Ray Thompson, Mick Geraghty, Pauline Hunter, Margaret Wilkinson, Graeme Gough, Ian Ross, Ken Montgomery and Suzy Cornelius.
Ray Thompson, Mick Geraghty, Pauline Hunter, Margaret Wilkinson, Graeme Gough, Ian Ross, Ken Montgomery and Suzy Cornelius.

Leaving the past behind

RESIDENTS of Murwillumbah's Mountain View Retirement Village are hoping to put more than a decade of past controversies behind them and promote the bright side of their community of more than 400 people.

The huge complex to the west of the town with views to Mount Warning has had more than its fair share of publicity in recent years following changes of management and disagreements about fees.

But a member of the residents' executive committee Ian Ross says a band of forward-thinking directors and other residents are now looking on the bright side and want to show off their community as more than an old-people's home.

"One of our members pointed out the other day that people drive past Mountain View and see it as an old-aged home," Mr Ross said.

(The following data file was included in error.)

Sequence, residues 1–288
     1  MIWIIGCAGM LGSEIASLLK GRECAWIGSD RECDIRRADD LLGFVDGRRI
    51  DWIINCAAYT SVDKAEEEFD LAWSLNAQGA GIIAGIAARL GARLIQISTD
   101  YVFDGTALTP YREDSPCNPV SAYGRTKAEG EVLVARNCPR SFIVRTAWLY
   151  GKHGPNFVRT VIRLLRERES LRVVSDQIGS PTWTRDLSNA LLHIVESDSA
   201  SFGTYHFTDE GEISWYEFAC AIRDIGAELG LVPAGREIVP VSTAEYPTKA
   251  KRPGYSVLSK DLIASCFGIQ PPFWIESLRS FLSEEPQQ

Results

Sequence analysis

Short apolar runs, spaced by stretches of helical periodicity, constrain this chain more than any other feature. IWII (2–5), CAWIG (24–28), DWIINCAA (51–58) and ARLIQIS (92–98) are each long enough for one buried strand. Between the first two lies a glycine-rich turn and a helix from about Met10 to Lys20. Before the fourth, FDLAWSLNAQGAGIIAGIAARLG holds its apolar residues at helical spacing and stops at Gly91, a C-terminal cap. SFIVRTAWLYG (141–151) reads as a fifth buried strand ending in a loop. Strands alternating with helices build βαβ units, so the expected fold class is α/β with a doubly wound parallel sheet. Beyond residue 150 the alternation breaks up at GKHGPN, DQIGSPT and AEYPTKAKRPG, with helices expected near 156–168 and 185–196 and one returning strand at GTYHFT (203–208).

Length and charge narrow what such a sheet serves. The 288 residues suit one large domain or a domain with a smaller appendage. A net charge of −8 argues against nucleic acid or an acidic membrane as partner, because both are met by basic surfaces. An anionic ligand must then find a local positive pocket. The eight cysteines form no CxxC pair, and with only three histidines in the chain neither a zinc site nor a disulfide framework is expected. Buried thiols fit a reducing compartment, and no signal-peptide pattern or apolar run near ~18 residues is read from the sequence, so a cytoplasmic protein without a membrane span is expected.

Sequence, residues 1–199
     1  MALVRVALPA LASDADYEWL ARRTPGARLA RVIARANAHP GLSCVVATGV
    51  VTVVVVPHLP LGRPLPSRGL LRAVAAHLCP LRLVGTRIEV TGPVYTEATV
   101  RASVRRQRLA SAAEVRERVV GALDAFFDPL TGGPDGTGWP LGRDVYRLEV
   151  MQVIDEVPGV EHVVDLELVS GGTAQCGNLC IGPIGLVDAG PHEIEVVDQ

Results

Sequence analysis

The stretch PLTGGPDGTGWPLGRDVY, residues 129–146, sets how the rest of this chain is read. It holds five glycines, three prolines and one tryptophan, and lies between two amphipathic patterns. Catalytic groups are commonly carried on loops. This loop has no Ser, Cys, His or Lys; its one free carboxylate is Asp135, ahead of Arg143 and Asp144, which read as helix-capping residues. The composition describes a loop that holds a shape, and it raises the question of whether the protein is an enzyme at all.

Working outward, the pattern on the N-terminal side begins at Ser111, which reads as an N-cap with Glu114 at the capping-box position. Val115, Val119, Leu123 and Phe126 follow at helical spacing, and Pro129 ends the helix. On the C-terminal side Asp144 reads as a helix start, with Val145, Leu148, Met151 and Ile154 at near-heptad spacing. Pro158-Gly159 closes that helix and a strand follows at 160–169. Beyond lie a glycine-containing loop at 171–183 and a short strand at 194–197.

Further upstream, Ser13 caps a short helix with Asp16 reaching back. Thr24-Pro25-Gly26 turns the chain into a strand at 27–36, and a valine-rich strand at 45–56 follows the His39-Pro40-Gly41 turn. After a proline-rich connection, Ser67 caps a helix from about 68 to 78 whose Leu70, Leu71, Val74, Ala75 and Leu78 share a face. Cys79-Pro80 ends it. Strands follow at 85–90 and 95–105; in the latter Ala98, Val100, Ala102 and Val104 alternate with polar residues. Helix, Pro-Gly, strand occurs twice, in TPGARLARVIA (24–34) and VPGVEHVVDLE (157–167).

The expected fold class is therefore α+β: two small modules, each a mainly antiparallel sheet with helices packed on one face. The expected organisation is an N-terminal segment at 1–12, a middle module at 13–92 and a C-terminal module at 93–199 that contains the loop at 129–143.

"They don't see the vibrant village below where almost 400 people are living in independent living units. Then we have the lodge, housing some 50 residents in the serviced apartments."

Mr Ross said originally when the Church of England sold the land to the Moran Health group it was with the proviso "that they build an old-aged home" and that description had stuck in the minds of people in Murwillumbah.

"The fact is that the village is an incredible asset to the town as most business people recognise.

"There wouldn't be a day go by where an electrician , a plumber and other tradespeople along with trucks delivering goods... are not seen somewhere in the village."

Mr Ross said Mountain View was not a normal retirement village as residents all own their units and come under strata-title legislation.

"The village is actually a self-supporting and self-funded town where we supply all the normal necessities of a town such as roads, water, electricity, lighting, pathways, clothes lines, gardens, with none of it being a burden to the Tweed Shire," he said.



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